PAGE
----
Lion conservation workers in Botswana have set an example to be followed by facing the problem of human-wildlife conflict head on, and consequently have had great success recently. Due to a huge amount of livestock in the same area as lion territory, livestock conflicts occurred all too often. Even small losses can be devastating to a subsistence livestock owner, and villagers had lost a lot of cattle in recent years due to the local predators. As livestock owners were often at their job, or in the village attending to other matters, and the children who historically herded livestock who are now attending school, the noble herder of the past is now merely a memory.
Due to these frustrating conflicts, the villagers felt the need to take action against the lions, which often involved the cats being killed. However, Andrew Stein, a repeated Big Cats Initiative Grantee, and the founder and director of CLAWS, explained to National Geographic that he spent time talking to the affected livestock farmers, which was the key to a successful working future for everyone involved. Their community outreach then took off, and they built a foundation of mutual respect over the past two and a half years. Their focus is on providing useful information for the communities, including alerting the villagers when collared lions approach the village, so that they do not kill the lions.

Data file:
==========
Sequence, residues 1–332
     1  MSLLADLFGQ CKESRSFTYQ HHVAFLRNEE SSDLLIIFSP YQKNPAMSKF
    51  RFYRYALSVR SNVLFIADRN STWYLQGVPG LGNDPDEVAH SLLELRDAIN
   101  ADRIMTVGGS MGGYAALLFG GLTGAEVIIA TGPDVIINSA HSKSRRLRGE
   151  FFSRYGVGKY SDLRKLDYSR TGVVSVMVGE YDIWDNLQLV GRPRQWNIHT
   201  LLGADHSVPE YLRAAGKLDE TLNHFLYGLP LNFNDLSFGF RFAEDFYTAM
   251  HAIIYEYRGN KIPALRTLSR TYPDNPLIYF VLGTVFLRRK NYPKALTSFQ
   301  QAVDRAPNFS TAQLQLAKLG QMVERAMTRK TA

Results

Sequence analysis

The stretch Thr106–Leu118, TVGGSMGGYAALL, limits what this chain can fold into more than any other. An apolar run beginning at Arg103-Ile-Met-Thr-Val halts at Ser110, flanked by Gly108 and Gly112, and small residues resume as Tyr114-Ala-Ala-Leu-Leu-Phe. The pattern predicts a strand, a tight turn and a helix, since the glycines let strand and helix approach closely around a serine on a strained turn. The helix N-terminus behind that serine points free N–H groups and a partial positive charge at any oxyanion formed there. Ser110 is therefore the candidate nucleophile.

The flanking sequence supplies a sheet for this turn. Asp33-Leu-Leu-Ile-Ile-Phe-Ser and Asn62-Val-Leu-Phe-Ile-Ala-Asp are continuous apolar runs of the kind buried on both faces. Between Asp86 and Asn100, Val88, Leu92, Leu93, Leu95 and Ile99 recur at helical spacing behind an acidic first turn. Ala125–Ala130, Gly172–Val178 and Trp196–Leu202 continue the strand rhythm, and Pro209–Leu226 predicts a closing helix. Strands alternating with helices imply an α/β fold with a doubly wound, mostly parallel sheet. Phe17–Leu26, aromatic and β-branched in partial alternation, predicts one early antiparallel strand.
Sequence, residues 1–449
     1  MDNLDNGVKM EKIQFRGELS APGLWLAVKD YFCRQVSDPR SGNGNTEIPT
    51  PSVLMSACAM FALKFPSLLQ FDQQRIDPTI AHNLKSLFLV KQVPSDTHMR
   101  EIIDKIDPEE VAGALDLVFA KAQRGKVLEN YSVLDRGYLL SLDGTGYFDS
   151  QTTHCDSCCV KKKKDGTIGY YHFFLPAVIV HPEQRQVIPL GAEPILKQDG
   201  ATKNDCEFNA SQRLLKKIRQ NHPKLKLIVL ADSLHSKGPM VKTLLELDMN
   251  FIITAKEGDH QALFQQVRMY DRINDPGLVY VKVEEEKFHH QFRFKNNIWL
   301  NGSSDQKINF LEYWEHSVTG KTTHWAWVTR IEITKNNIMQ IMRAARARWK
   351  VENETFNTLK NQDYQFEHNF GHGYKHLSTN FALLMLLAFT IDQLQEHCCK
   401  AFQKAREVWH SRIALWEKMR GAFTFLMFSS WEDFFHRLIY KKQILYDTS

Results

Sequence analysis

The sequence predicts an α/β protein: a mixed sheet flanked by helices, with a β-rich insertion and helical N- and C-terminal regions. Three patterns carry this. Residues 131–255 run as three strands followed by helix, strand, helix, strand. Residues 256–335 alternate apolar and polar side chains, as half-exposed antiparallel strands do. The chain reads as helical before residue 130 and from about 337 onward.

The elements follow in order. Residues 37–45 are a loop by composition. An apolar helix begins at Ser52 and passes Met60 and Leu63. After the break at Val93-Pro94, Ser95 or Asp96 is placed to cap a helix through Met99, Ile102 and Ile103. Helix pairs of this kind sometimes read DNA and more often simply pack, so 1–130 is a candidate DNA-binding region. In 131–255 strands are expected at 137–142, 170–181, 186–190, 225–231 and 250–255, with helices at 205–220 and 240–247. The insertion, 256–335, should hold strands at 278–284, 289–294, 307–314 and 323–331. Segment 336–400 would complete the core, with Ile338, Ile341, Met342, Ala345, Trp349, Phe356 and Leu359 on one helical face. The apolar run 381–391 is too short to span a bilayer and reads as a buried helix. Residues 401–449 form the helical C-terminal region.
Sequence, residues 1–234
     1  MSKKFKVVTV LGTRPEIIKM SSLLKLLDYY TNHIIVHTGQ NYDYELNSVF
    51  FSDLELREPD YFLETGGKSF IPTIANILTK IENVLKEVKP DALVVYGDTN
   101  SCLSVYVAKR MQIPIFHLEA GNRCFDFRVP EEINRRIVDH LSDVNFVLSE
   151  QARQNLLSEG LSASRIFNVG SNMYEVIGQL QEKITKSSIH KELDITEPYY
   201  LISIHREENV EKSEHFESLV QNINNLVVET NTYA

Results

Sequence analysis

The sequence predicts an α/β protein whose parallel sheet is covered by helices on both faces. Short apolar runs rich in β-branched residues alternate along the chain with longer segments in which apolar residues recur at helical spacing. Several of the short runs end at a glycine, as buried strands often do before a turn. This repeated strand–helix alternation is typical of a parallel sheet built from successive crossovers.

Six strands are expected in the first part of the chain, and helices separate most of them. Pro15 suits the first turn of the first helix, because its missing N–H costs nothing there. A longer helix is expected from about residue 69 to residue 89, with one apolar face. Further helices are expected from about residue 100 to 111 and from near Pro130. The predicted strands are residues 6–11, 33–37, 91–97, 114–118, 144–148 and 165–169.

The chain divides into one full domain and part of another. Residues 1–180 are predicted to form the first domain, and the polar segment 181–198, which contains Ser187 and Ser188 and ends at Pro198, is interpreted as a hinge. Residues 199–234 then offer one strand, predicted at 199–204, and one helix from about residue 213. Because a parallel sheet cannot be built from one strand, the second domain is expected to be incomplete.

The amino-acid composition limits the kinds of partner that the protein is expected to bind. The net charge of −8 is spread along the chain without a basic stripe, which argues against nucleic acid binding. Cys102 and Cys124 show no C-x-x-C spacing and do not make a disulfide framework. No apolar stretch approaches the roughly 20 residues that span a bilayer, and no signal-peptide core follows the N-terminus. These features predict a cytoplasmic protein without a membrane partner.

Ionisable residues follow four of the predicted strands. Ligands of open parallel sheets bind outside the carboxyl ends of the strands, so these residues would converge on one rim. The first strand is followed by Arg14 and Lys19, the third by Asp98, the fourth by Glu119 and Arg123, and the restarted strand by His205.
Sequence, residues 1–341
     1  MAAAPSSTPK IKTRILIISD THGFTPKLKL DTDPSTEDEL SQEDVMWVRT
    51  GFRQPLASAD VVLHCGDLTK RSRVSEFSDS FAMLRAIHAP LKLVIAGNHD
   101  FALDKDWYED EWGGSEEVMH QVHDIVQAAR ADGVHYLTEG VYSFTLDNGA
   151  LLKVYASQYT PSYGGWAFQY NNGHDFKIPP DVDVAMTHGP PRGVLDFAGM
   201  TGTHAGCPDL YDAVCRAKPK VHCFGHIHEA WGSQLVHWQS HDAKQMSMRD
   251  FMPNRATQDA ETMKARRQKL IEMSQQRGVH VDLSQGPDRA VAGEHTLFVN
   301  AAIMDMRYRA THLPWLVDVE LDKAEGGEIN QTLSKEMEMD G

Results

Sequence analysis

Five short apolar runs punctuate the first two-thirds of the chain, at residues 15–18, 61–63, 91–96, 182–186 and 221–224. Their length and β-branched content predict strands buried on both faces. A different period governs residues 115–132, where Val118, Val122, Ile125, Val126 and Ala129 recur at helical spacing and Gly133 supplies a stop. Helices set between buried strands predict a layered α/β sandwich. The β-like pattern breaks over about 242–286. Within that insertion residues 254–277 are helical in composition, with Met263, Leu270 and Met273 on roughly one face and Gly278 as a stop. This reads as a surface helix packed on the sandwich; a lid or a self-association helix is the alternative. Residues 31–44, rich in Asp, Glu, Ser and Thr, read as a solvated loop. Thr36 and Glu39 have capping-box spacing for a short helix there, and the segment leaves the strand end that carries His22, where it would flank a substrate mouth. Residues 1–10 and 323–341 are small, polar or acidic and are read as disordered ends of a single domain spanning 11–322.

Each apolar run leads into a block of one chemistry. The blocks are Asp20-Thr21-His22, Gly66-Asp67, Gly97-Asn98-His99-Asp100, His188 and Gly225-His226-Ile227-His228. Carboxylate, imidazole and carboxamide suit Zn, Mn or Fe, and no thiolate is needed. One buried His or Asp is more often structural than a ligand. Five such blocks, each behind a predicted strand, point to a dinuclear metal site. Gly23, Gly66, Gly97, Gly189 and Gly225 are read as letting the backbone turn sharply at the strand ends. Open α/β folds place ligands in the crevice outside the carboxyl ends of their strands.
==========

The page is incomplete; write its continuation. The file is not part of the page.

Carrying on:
This year they are planning on beginning a livestock herder training programme, which will highlight the traditional knowledge that has kept livestock safe for millennia. Together with this, they will factor in and provide basic technology, as well as lessons on rangeland management and predator protection, which will provide the herder with certification to make him a valuable asset to the community. They are also planning to use incentives for strong herding practices, that will allow livestock, lions and people to coexist as they historically have done for thousands of years. The lion conservationists believe that goodwill, respectful communication and partnerships are the key to sustaining positive and productive relationships with local communities, which in turn protects all wildlife species in the area.
IMAGE CREDIT:imagex / 123RF Stock Photo
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